While BGA is a public page, Gurls Edition was created as a space exclusively for Black women and girls. It is a private Facebook group that fosters a positive and accepting community for Black women in fandom.

The success of Gurls Edition has allowed Ibama to designate the work done in this group to other administrators and moderators who then maintain the integrity BGA’s mission on this platform.

The impact of Black Girls Anime is felt when young girls message Ibama through social media about how this community has helped them tackle their shyness or motivated them to start their own clubs at their schools.

“I want Black women to be confident in their nerdy space. I want Black women to thrive in nerdy spaces.” says Ibama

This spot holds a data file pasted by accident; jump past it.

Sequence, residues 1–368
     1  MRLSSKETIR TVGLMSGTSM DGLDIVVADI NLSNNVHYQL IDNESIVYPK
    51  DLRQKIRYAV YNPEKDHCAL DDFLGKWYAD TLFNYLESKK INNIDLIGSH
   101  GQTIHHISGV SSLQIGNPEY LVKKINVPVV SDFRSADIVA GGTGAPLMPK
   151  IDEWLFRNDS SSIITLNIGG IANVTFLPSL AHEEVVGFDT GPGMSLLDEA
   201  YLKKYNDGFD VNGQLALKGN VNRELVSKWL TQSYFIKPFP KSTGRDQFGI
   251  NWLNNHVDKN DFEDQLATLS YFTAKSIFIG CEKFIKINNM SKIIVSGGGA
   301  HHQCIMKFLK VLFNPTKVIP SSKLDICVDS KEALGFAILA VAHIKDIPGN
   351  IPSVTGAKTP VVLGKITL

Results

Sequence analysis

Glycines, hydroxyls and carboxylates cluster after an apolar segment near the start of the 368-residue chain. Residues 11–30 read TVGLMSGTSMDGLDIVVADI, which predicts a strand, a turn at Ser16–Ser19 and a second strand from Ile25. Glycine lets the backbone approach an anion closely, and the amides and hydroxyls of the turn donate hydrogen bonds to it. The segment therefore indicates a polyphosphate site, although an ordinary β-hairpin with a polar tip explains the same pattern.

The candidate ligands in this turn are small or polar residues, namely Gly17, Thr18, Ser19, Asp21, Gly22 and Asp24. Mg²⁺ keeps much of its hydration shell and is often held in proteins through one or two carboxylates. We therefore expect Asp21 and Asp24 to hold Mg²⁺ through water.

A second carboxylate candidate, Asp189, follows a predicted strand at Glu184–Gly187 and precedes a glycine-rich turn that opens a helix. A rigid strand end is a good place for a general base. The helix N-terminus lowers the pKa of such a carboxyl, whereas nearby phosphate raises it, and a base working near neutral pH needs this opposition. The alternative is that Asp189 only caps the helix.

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Despite all the things BGA has accomplished, Ibama and her team have big goals for the brand.

They have recently created their own website: They want to create BGA chapters in cities so members can attend curated events and meet IRL. They want to continue making great online content. But Ibama’s biggest goal:

“I want to have an army of Black girl content creators making moves and making money in anime spaces.”

Eunice Ibama – Black Girls Anime

Ibama is grinding so that Black Girls Anime can become a platform where women and non-binary people of color can be visible and succeed in the broader nerd community. “The sky is the limit for BGA.”

Student reporter from Harvard Extension School // Blerds out about: Anime, Manga, Star Wars, K-POP and Fanfiction.